Preserving Angkor’s ancient bridges on National Road 6

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Phnom Penh Post, 04 May 2017

Driving along National Road 6 from Phnom Penh towards Kampong Thom and Siem Reap, one will spot the looming heads of stone serpents – or nagas – on the hundreds of ancient bridges built between the 10th and 14th centuries.

Source: Untampered and intact ancient bridges to stay that way, Post Property, Phnom Penh Post

Communication across Mainland Southeast Asia: The Living Angkor Road

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Angkorian Road Network. Source: CSEAS Newsletter Spring 2015

Archaeologists Im Sokrithy and Surat Lertlum from Cambodia and Thailand respectively write about their long-running project on the Living Angkor Road in the latest issue of the Center for Southeast Asian Studies in Kyoto University.

Angkorian Road Network. Source: CSEAS Newsletter Spring 2015

Angkorian Road Network. Source: CSEAS Newsletter Spring 2015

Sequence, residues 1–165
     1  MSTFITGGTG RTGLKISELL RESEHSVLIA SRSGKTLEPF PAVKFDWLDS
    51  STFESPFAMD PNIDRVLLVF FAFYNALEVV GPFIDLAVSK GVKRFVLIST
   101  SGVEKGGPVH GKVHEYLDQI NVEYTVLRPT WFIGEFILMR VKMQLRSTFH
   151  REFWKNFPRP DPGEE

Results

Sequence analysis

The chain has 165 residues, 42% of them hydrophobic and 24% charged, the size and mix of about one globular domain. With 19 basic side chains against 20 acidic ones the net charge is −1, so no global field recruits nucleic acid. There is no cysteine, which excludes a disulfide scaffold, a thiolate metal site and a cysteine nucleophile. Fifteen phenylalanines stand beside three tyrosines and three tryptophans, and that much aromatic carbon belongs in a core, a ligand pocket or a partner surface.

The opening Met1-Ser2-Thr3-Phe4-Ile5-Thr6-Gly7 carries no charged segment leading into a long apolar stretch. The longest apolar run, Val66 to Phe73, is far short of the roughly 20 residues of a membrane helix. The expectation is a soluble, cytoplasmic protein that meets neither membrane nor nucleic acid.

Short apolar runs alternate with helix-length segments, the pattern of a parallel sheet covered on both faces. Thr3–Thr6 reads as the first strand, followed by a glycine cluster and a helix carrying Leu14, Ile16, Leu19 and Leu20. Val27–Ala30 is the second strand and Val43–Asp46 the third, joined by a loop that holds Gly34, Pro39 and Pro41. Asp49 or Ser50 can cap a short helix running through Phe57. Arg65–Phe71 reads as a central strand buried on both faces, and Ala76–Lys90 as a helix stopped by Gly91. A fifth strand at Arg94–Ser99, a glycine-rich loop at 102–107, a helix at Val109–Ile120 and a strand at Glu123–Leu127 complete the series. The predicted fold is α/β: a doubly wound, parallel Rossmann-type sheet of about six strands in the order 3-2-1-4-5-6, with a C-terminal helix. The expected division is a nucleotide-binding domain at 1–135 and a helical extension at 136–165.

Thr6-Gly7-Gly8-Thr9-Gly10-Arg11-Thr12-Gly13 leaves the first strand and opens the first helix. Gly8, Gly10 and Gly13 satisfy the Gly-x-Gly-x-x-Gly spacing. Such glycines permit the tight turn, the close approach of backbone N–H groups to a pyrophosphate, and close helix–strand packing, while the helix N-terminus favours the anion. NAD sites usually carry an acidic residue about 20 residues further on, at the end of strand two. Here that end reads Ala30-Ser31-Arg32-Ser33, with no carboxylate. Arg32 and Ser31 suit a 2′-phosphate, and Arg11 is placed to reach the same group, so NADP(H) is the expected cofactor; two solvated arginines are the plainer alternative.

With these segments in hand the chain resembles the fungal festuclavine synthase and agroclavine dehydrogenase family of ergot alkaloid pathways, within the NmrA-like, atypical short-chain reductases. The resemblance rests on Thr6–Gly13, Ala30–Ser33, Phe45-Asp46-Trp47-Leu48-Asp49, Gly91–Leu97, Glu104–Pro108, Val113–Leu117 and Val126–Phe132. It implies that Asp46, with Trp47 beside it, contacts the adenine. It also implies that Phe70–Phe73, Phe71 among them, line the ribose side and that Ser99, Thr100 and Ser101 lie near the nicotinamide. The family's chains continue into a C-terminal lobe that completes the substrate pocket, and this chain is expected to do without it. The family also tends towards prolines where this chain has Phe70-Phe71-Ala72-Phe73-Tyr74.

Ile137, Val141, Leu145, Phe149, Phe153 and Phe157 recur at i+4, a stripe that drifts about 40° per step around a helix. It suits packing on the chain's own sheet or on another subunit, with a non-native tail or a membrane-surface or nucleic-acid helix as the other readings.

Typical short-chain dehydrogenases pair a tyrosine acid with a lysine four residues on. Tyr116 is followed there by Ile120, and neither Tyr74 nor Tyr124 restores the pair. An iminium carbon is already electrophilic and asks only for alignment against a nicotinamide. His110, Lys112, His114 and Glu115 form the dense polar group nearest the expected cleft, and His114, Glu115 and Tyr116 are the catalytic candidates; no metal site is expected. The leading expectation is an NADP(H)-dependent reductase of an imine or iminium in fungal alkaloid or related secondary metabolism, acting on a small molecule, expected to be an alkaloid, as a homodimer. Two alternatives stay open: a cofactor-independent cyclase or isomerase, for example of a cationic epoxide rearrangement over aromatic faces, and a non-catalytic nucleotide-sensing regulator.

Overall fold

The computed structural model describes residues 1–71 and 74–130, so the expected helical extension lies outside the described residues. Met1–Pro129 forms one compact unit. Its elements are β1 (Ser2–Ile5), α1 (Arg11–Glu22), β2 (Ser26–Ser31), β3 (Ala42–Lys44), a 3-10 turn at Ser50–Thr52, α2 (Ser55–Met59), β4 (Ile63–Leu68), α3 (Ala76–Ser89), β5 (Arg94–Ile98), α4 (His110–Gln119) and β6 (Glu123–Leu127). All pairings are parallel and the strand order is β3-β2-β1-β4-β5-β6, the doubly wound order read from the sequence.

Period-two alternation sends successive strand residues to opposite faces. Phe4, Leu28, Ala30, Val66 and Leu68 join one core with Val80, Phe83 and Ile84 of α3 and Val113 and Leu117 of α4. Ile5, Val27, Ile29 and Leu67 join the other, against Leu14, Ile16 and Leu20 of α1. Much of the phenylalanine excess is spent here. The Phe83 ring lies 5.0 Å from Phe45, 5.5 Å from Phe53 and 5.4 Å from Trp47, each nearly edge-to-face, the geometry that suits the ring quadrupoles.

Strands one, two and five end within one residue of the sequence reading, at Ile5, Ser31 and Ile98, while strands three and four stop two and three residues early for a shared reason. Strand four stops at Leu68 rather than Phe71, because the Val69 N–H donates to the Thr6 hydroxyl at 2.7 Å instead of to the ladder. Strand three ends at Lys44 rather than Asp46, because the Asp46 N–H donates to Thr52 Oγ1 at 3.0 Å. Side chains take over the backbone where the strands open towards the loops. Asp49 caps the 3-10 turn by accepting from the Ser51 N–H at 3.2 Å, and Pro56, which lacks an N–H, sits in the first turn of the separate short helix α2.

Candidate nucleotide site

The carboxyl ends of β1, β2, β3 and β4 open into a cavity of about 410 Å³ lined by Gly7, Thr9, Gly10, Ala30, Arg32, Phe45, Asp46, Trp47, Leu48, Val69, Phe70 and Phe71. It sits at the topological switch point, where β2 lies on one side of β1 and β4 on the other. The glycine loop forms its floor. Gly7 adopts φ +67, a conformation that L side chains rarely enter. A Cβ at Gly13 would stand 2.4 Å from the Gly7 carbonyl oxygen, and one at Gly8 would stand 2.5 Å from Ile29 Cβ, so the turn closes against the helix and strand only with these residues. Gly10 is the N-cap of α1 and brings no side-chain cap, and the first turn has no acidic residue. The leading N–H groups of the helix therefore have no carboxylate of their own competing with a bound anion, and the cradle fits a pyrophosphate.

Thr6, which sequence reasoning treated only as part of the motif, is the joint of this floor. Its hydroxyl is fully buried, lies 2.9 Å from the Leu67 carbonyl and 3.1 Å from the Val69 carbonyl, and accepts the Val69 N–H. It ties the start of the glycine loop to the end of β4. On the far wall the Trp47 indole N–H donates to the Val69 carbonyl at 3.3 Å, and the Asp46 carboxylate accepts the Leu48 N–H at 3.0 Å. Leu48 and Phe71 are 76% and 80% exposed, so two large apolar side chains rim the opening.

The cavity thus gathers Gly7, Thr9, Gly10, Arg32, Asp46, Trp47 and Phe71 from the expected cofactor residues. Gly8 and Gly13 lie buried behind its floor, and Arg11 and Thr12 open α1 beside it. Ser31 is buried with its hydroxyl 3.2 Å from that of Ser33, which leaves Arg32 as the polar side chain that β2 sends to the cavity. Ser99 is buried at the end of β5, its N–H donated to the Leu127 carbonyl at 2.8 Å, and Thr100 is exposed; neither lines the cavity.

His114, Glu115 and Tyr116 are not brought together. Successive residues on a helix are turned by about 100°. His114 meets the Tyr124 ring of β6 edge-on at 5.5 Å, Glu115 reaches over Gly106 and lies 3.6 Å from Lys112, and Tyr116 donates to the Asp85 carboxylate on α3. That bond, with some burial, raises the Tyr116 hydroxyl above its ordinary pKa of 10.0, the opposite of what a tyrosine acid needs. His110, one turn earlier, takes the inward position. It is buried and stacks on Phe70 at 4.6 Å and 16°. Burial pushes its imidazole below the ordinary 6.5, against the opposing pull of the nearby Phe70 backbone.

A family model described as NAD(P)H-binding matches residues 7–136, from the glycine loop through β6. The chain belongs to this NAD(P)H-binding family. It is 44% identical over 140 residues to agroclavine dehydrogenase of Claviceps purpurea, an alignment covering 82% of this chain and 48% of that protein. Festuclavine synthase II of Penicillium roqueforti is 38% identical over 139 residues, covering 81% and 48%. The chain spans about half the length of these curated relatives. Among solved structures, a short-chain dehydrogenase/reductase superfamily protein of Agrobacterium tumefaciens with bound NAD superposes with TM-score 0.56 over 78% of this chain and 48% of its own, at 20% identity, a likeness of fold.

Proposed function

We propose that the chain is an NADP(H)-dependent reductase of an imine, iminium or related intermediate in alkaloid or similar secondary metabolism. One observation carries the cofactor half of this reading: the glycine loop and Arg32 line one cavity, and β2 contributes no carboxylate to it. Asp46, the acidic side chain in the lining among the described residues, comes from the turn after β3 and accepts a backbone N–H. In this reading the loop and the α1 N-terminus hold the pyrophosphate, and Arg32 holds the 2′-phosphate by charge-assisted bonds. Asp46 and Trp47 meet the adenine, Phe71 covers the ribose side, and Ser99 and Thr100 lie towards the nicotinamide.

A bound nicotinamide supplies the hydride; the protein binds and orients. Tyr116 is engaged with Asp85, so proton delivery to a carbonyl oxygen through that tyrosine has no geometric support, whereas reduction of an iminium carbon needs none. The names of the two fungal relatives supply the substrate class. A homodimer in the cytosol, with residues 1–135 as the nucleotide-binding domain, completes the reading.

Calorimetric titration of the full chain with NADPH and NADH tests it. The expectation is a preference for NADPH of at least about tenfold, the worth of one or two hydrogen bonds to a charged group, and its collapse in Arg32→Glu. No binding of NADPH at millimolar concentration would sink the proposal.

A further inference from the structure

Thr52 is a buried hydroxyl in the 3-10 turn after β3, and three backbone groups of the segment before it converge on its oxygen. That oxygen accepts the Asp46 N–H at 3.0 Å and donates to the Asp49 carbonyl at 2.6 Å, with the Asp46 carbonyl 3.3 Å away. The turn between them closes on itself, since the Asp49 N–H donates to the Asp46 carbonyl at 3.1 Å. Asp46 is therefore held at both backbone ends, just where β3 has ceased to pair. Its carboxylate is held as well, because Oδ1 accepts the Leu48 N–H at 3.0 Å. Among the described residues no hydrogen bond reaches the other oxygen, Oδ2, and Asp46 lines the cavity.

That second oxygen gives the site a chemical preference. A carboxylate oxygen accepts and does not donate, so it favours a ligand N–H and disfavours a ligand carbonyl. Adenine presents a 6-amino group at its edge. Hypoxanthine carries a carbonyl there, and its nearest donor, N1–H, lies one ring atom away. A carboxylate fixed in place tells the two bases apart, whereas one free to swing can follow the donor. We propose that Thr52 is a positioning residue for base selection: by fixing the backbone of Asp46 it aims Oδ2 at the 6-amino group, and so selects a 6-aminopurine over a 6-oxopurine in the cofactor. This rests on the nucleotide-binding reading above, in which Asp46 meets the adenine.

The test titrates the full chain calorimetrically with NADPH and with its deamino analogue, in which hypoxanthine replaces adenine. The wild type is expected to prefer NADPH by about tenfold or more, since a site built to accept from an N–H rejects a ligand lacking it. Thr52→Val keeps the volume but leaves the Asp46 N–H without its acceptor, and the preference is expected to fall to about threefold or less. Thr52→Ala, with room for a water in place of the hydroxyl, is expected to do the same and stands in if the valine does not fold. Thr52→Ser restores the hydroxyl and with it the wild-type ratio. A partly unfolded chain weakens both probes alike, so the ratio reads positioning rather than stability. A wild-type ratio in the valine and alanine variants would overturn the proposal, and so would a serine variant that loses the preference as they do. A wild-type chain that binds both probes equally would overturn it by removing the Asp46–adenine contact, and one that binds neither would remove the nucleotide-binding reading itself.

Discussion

The Living Angkor Road Project: Connectivity within Ancient Mainland Southeast Asia
Center for Southeast Asian Studies, Kyoto University, Spring 2015

A Khmer-Thai Collaboration research project named the “Living Angkor Road Project” (LARP) has been
supported by the Thailand Research Fund (TRF) and the Authority for the Protection and Management of Angkor and the Region of Siem Reap (APSARA). LARP is a cross-border multi-disciplinary research aimed at firstly, identifying all the remaining portions of ancient roads radiating from the Angkor capital to different provinces of the ancient Khmer empire, in view of an overall mapping of the network known to date. Secondly, it aims to identify and describe all the infrastructures existing along these roads: bridges, all kinds of canals, temples, the remains of rest-houses and hospitals.

Download the newsletter here.

Public Lecture: The Khmer Empire and its Road Network

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Cambodian archaeologist Ea Darith will be giving a presentation in Singapore next month. Readers in Singapore may want to check it out.

Update: The lecture is now in Youtube. You can view it here.

The Khmer Empire and its Road Network
Date: 12 February 2015
Time: 3.00 – 4.30 pm
Venue: Seminar Room 2, Institute of Southeast Asian Studies, Singapore